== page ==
Ampton, 14/1/18

Dunston Harriers

The gradually becoming traditional early season hike up to Bury St Edmunds. The weather forecast was for a cold day with an uncomfortable bit of wind chill on top. In reality it was mild and very, very still – but overcast and gloomy throughout. With the course (distantly) over shadowed by the smoke belching sugar beet factory to the south, it may have been the inspiration for industro-gothic scenarios that recur in the arts, such paintings as de Loutherbourg’s “Coalbrookdale By Night” or the written word in a Dickensian edge-of-townscape or Tolkein’s vision of Saruman industrialising Isengard, or even how Eli Roth initially envisage “Hostel” shaping up. This is a strange track in its own right. When there, it seems slightly oval, but perhaps with mighty tectonic forces squishing the uphill end. However, aerial photos prove it to be an isosceles triangle. There is no suitable conspiracy theory for this.

Going: Good, Good to Soft places

Race 1: Loveday & Partners Conditions, 10 year olds and over [3m]

1: Broadway Symphony     2: Foxcub     3: Conkies Lad

Winner owned: The Profligate Partners, trained: Tracey Bailey, ridden: Zac Baker

The favourite for this was Foxcub, whose encouraging Cottenham run did not prove his stamina for trundling up the hill from the third last here. That part of the finish he did surprisingly well, but along the way he fluffed the last fence and it cost him the race, losing in the end by only a length. Broadway Symphony had pulled up on seasonal debut, but he was fit enough for this run, the possible problem was being a bit too keen. He was on his toes in the paddock and it was carried over into the race. At halfway, the note made “won’t keep this up” but he did. Apart from the jolly, only Conkies Lad managed to stay roughly in touch, and as he pootled up the hill, the pace never once seemed as if it would be fast enough. Most of the defeated were either not fit enough or have been indicating that they are past their best. Young Cheddar was one of those whose fitness was found out by the rise to the line and The Job Is Right represents a team not known for first time winners.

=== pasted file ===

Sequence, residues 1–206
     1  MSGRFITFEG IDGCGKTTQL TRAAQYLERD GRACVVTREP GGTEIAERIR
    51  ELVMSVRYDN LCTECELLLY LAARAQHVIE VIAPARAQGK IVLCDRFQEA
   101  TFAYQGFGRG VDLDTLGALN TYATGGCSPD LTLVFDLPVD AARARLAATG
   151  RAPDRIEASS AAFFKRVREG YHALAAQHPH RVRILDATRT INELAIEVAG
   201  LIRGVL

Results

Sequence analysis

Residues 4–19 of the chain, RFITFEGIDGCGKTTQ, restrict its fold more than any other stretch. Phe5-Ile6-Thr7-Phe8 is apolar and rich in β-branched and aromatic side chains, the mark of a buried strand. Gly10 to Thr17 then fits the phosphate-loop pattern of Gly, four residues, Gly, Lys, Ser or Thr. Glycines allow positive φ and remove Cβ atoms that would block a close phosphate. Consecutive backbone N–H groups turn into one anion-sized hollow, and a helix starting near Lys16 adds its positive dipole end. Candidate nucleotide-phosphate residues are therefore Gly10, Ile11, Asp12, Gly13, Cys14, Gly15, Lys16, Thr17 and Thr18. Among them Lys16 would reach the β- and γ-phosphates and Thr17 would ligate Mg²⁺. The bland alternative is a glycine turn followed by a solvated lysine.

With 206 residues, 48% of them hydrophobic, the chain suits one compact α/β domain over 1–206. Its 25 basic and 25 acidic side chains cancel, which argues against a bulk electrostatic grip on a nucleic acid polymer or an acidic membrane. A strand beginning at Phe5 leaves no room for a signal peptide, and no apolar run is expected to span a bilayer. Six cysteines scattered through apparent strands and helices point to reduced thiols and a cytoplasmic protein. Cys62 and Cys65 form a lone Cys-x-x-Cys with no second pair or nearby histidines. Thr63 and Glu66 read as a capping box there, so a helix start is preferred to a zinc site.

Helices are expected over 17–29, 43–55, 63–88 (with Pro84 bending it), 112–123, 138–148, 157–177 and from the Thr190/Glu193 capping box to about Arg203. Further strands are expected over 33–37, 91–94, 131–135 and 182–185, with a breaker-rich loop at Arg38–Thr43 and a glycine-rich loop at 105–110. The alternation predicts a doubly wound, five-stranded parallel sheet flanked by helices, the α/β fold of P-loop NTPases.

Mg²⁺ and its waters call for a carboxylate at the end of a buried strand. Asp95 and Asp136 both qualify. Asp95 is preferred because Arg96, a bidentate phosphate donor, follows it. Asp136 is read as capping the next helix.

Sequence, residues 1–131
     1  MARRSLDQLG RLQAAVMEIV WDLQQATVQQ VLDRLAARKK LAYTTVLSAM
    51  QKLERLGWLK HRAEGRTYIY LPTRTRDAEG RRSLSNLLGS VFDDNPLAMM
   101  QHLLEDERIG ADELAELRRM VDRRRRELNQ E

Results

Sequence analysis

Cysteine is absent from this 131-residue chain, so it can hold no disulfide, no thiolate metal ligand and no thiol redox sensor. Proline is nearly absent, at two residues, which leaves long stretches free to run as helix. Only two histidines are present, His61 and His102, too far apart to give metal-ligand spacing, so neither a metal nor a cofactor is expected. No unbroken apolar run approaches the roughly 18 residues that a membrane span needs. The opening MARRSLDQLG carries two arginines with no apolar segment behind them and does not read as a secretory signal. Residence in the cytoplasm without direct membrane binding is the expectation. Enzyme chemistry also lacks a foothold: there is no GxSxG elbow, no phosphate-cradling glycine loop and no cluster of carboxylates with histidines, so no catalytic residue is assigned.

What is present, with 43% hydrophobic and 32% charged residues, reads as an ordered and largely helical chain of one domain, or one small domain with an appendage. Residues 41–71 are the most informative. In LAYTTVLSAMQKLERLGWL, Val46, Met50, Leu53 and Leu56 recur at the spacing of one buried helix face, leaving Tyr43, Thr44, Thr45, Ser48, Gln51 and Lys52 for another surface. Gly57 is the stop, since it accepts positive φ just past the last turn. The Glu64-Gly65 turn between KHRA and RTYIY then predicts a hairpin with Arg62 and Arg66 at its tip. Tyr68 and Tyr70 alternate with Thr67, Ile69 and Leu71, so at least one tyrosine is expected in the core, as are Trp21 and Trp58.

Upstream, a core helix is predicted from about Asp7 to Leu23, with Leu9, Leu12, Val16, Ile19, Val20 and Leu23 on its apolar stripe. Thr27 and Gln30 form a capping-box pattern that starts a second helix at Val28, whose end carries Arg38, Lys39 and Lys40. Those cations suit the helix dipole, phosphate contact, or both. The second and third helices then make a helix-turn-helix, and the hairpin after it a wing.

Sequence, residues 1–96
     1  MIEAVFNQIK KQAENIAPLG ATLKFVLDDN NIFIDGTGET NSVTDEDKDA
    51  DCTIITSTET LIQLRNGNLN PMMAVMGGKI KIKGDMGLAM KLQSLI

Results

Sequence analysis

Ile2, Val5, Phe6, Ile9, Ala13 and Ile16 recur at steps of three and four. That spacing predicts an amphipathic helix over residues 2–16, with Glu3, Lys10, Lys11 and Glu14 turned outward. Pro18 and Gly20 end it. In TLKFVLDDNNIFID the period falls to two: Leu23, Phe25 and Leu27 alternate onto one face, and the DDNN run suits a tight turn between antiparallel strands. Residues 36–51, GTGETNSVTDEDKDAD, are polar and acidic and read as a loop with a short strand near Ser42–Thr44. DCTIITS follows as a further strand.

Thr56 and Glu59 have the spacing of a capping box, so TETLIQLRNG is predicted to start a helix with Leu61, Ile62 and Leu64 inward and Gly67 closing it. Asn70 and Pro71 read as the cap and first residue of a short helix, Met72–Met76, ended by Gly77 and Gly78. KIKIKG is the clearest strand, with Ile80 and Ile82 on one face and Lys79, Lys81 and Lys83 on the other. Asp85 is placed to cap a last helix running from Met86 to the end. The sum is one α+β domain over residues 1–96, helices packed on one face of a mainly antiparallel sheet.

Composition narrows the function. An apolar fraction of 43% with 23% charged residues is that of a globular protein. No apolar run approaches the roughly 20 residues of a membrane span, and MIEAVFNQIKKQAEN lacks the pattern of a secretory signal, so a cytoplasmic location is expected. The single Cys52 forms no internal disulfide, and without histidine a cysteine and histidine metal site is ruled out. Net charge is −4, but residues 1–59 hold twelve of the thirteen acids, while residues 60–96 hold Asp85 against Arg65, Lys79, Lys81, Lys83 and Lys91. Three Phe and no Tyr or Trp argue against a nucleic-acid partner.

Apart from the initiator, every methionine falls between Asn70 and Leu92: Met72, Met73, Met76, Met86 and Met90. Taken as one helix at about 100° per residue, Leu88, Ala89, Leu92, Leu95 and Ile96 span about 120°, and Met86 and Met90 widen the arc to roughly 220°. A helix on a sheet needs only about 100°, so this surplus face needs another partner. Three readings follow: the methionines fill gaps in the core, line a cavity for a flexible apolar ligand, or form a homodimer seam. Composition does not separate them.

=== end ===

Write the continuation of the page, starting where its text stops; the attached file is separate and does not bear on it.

Easy going for Broadway Symphony early on, with Spitfire Ace the best of the rest

Race 2: BWSC East Anglia Ltd Open Maiden, Div I [3m]

1: Steeles Terrace     2: Lady Of The Rea     3: Unseen

Winner owned: The Two Farmers And A Butcher Partnership, trained: Andrew Pennock, ridden: Evan David

The maiden, which was set to be a modest affair, got split into two races, and this was the stronger of the two. Thus, based on the name, the owners earned the additional prize per race of a big box of various meat cuts, even if they did not really need it. Steeles Terrace looked in the paddock as if there were some fitness rough edges to be smoothed out, but the opposition could not handle him anyway. He led at the thirteenth and stayed on relentlessly, even if fairly slowly, to make a narrow advantage into one of eight lengths at the finish. Behind him there were three horses in the battle for the places. Lady Of The Rea showed a nice attitude to fight on for second considering that she had done the donkey work prior to Steeles Terrace seizing the advantage. Unseen, who is missing his left eye, would presumably find right-handed tracks like this easier to negotiate and he held off Come On Harriet for third. Just. With unexceptional raced horses involved, the race was at the mercy of a newcomer of half-decent skills, but the one contender, Woolards Ash, was severely short on the jumping side of his game and pulled up after a couple of miles.

Race 3: Open Maiden, Div II [3m]

1: Summer Sounds     2: Indian Chance     3: Staple Head

Winner owned: James Jackson-Stops & Tim Jackson-Stops, trained: Francesca Nimmo, ridden: James Jackson-Stops